Tom Lopez (Login TomLopez) Posted Jun 1, 2012 7:17 AM
I agree with you. I first read about Everest in National Geo. when it recounted the 1963 American Expedition. A grand adventure. Later I read books on all the early attempts. I'm sure that is why I started climbing. Just getting to base camp was the ultimate mountain adventure. However, even then it was not man against the mountain in part because of the logistics and in part due to the climbing ethics of the time.
What are the climbing ethics today? The linked article provides a mixed bag of goog and bad but ignores the real questions: why ethically do we climb a peak in a manner that is nothing more than a commercially orgainzed way to get money out of you?Can any climber on the two guided routes up everest really claim they climbed the peak? What is the value of reaching the summit when you climbing under such conditions?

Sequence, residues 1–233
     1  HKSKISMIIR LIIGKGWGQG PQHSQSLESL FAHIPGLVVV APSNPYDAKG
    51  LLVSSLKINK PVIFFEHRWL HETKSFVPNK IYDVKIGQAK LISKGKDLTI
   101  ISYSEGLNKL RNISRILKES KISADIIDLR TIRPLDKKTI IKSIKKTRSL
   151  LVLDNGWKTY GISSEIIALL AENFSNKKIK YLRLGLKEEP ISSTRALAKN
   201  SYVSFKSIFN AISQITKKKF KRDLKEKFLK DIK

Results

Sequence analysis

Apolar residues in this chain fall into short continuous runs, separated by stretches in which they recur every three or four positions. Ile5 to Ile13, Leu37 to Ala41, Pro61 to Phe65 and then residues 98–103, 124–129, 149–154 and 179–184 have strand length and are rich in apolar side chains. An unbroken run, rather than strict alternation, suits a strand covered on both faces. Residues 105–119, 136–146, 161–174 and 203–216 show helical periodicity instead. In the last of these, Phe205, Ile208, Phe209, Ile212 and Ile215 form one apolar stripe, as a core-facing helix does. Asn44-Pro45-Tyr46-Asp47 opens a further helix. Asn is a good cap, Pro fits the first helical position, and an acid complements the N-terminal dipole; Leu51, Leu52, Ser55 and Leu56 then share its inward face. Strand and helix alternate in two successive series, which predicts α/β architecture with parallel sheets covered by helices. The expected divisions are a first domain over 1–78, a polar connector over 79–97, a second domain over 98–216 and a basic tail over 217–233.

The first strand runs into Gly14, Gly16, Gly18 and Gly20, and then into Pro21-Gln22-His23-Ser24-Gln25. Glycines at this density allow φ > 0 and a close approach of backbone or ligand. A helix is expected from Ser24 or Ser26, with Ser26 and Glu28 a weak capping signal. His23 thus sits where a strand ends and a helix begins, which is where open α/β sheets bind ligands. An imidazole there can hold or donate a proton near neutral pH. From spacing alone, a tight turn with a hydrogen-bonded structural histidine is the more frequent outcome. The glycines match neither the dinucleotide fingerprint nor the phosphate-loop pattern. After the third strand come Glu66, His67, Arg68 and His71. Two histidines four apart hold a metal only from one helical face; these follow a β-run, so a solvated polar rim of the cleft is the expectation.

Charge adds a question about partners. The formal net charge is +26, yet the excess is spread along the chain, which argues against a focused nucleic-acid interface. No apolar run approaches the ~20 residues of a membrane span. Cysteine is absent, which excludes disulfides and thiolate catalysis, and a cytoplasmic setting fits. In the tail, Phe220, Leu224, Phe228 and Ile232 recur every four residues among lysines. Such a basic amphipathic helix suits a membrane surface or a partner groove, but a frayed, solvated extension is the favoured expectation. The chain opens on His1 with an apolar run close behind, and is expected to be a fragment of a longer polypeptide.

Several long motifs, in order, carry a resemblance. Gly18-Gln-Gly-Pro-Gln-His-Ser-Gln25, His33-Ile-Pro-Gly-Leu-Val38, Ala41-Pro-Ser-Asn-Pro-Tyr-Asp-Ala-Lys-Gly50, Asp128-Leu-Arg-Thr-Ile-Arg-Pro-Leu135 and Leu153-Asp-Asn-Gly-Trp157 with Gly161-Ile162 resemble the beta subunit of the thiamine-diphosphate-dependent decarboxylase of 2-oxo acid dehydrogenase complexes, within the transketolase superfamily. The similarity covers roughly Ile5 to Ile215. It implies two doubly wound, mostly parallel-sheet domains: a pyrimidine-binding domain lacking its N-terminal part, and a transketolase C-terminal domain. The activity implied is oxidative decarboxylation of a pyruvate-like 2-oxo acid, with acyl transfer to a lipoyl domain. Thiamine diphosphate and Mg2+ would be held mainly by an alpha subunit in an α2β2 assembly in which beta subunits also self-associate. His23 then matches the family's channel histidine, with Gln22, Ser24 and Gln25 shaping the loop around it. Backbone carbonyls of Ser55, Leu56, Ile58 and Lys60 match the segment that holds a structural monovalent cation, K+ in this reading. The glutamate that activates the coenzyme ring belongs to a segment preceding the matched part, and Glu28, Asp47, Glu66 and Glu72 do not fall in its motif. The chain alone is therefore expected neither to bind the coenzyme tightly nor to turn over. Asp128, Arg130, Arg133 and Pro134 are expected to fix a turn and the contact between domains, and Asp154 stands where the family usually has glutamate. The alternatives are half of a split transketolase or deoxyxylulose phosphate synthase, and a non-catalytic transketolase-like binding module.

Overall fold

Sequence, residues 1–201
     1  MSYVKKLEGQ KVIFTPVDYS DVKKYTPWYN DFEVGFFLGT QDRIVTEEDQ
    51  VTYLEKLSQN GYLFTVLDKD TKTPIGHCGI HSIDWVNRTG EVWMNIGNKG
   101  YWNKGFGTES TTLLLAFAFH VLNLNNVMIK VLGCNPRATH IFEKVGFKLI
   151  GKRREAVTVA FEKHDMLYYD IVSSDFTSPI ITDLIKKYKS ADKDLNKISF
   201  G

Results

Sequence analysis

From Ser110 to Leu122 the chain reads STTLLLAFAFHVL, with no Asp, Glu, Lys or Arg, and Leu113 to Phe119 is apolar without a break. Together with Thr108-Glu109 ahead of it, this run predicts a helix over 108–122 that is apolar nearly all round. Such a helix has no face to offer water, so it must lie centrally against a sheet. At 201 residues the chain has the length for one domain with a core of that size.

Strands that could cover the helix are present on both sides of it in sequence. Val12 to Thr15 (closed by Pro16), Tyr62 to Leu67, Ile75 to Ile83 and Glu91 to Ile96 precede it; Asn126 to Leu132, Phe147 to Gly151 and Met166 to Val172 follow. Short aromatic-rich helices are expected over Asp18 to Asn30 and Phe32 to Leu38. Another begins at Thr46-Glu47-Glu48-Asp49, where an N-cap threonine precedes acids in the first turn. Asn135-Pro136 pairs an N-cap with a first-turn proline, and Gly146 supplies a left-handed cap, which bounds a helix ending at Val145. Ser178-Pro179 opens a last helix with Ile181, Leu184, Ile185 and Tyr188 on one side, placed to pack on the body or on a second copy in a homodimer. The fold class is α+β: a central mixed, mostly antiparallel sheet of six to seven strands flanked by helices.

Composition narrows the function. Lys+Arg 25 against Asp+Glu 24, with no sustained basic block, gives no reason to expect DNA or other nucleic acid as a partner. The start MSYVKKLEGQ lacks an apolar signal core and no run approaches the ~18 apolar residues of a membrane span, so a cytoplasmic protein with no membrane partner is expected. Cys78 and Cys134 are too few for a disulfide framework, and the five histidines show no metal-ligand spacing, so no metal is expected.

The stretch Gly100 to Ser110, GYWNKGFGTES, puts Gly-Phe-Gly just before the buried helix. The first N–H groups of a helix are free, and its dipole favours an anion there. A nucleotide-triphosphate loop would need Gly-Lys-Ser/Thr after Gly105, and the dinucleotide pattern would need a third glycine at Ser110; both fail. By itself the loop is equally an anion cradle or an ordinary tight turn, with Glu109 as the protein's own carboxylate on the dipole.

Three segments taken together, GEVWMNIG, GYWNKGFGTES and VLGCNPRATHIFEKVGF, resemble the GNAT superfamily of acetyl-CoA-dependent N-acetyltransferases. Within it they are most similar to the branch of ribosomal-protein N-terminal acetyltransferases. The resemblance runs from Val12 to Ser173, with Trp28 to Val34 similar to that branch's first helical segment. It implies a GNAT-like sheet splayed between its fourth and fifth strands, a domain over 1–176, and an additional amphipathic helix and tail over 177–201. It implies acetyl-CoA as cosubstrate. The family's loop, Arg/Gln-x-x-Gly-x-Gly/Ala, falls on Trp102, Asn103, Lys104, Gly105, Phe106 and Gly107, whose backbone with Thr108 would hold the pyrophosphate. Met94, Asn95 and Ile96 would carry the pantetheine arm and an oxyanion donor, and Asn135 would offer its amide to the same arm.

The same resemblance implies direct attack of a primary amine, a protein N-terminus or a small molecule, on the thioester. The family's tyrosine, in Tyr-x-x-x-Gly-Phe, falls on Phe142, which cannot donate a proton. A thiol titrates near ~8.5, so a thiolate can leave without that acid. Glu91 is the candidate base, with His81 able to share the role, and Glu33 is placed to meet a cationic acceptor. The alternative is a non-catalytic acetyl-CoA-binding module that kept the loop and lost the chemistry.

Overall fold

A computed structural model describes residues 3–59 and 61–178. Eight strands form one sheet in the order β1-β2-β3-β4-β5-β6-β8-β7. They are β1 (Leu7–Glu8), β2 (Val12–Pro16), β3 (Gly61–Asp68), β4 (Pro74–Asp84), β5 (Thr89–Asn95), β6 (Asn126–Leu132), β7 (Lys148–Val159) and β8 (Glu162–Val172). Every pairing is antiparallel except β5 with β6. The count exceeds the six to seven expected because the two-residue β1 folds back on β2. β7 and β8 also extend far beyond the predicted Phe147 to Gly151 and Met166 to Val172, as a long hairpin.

"Because it's there" seems very hollow to me when hundreds of people are following fixed lines set by others and are comforted each night by a trained staff of Sherpas. Yes, it's still hard and dangerous but it's nothing more than assisted living. It's better to climb some no name summit in Idaho by yourself or with a small group than to buy Everest because it has meaning in many ways that being assisted to the world's highest summit can never have.